Thus, when Nasser nationalized the canal, it fell on India to anticipate the worsening of the crisis. Nehru was, of course, anxious to “prevent hostilities and to have a peaceful settlement which would ensure the use of the Canal as before” as he repeatedly emphasized. Yet, the British and the French were decidedly belligerent in their attitudes, with Eden alluding to “precautionary measures of a military nature,” leading to much consternation across Asia and Africa. Equally alarmed at these developments, Eisenhower suggested that the British host a meeting of interested and affected parties; this came to be the London Conference that, unfortunately, proved to be a non-starter. Before the matter could come up for hearing at the UN Security Council, Israel launched attacks on Egyptian soil on October 29th. Allegedly in condemnation of the conflict, Britain and France first issued ultimatums to both Israel and Egypt but then joined Israel in the attack on Egyptian airfields only two days later.

Nehru was shocked and aggravated by this “dastardly action” and took a number of measures to mediate, not least of which was to ask the U.S. to intervene in the cause of peace. Nehru knew that the Egyptian military resistance was dwindling and that “Nasser proposed to lay down his life fighting.” Thus, India’s Permanent Representative to the UN, Arthur Lall, was instructed to actively court collaboration with the Egyptian delegate Omar Loutfi. The U.S.-sponsored Uniting for Peace resolution, passed on November 2, 1956 pushed fighting forces behind armistice lines, and opened the way for what came to be known as the Eisenhower-Nehru formula. In essence, the U.S. pushed forth with its heft at the UN in dealing with western powers, while India caucused Asian and African nations, two days later moving a nineteen-member Asian-African resolution urging full compliance with previous UN resolutions calling for a ceasefire.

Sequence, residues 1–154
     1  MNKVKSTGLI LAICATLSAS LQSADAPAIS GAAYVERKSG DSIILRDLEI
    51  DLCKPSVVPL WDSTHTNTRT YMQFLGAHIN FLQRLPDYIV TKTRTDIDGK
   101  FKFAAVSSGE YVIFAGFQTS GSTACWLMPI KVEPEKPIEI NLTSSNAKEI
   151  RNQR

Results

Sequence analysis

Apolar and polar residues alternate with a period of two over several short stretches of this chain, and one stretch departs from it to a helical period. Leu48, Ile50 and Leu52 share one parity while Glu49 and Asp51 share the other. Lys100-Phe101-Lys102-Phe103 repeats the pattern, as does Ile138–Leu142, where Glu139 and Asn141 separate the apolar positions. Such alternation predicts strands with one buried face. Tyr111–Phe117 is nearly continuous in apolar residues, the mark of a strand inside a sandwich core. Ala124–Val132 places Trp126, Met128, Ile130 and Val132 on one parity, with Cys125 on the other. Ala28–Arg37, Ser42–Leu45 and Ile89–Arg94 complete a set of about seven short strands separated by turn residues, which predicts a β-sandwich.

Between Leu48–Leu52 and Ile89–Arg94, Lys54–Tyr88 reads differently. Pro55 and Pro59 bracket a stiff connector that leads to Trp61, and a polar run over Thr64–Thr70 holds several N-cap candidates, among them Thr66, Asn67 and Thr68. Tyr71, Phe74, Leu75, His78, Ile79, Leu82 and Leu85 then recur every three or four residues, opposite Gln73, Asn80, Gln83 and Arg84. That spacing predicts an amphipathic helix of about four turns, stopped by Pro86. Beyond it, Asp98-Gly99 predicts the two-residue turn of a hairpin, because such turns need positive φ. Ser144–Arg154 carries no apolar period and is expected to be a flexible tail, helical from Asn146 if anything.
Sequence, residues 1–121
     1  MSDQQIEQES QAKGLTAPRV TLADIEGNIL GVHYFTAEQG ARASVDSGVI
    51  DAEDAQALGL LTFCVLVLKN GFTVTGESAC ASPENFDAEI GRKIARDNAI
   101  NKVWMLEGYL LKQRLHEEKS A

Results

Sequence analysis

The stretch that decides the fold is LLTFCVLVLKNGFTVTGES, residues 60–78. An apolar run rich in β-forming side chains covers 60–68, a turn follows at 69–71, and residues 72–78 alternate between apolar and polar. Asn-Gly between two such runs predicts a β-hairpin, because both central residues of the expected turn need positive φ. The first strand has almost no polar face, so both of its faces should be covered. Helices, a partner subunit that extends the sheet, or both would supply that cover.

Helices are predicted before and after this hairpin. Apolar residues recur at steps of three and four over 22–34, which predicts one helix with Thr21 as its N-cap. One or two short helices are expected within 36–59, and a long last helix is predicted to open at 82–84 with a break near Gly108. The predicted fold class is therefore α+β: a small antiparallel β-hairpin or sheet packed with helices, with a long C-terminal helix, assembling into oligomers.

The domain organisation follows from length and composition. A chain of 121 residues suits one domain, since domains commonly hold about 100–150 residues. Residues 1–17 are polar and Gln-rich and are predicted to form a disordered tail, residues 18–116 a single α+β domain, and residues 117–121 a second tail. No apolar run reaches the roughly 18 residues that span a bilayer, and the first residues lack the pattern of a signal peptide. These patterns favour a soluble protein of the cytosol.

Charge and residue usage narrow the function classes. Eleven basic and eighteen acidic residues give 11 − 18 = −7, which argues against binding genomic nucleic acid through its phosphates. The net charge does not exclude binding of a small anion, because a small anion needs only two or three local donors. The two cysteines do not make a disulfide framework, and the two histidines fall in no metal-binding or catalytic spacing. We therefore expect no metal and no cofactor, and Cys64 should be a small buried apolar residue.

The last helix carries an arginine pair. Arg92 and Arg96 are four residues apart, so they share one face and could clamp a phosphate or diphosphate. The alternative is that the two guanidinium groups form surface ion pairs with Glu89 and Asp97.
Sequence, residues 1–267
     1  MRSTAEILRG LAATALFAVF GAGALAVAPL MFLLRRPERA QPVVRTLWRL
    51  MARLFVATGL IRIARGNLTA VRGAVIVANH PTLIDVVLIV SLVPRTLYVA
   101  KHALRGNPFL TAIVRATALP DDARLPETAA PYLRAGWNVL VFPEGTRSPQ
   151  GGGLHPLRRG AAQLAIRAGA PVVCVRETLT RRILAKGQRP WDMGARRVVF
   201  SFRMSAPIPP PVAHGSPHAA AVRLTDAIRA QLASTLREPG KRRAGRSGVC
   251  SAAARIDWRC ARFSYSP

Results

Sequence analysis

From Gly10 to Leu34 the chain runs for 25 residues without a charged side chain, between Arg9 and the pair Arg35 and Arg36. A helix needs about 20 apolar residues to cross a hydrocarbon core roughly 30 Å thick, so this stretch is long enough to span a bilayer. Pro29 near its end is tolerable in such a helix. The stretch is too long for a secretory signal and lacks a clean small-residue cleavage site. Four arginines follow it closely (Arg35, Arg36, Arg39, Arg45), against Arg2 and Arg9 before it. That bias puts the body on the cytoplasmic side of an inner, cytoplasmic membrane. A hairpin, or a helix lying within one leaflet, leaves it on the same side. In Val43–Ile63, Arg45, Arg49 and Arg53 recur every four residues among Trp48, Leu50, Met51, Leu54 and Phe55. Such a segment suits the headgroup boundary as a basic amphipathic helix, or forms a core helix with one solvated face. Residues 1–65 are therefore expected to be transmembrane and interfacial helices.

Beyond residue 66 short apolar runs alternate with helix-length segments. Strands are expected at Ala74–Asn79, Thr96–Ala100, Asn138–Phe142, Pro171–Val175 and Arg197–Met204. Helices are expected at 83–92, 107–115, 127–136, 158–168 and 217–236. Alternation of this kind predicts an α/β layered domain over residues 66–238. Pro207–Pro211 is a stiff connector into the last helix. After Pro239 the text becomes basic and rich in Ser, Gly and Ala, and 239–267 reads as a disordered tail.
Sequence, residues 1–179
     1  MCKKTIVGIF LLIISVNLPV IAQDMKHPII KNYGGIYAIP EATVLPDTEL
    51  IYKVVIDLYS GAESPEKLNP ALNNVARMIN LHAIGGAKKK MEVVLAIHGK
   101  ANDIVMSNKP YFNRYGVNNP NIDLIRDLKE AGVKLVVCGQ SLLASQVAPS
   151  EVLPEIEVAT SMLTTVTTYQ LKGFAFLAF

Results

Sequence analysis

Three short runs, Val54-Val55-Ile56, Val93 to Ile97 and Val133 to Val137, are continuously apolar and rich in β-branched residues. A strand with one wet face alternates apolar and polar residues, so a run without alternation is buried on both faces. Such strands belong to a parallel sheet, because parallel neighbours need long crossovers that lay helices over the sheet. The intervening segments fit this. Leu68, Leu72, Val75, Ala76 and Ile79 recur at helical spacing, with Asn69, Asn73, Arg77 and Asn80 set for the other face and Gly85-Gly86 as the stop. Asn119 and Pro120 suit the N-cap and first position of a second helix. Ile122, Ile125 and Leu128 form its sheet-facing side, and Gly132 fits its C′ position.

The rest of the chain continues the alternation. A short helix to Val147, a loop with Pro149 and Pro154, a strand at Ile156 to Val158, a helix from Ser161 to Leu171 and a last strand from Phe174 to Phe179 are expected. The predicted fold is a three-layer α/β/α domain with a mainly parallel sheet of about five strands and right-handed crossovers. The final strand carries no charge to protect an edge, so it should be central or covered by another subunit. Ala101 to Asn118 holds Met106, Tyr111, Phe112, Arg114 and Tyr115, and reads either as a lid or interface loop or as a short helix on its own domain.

Another resolution moved by Canada, Columbia, and Norway provided for the formation of the first UN peacekeeping force: the UN Emergency Force I (UNEF I). As it was not allowed to draw troops from any of the five permanent members, the composition of the UNEF I took on an urgent character and even the British asked India “to come in heavily and assist in bringing about a speedy settlement.” The Indian contingent (a first for India to send armed troops for peacekeeping) left for the Suez left on November 15, 1956 and was placed then in the Sinai Peninsula. UNEF was commanded by an Indian in both its phases, with UNEF I being led by Lt. Gen. P. S. Gyani between December 1959 and January 1964. Indian peacekeepers built a reputation for themselves, acting as Nehru had besought them to, “with credit to India and her gallant army.”

India’s repeated calls at the UN for the decolonization of Asia and Africa and India’s support of the Egyptian position did not impede her from mediating with both sides, contributing substantially to the closing of the crisis. It also cast India’s relations with West Asia in a certain mold, altered only recently with India’s perceived closeness with and adoration of Israel. If India’s experience in Suez tells us one thing, it is that India gained in political capital and in global repute by remaining non-committal, yet engaged at the level of the UN, a policy known at the time as non-alignment. Elements of that policy that hold continued relevance to Indian diplomacy towards that region could be rescued and restituted, following exacting and exhaustive debate. In fashioning that foreign policy, progress can only be made by paying heed to the antecedents of India’s relations with that particular region, and certainly not with hubris toward its history.

Swapna Kona Nayudu is an LSE Fellow, IDEAS, London School of Economics and Political Science, London, and Visiting Fellow, Centre for Policy Research, New Delhi.  She is currently completing an international history of Indian non-alignment in the Nehru era.


India in Transition (IiT) is published by the Center for the Advanced Study of India (CASI) of the University of Pennsylvania. All viewpoints, positions, and conclusions expressed in IiT are solely those of the author(s) and not specifically those of CASI.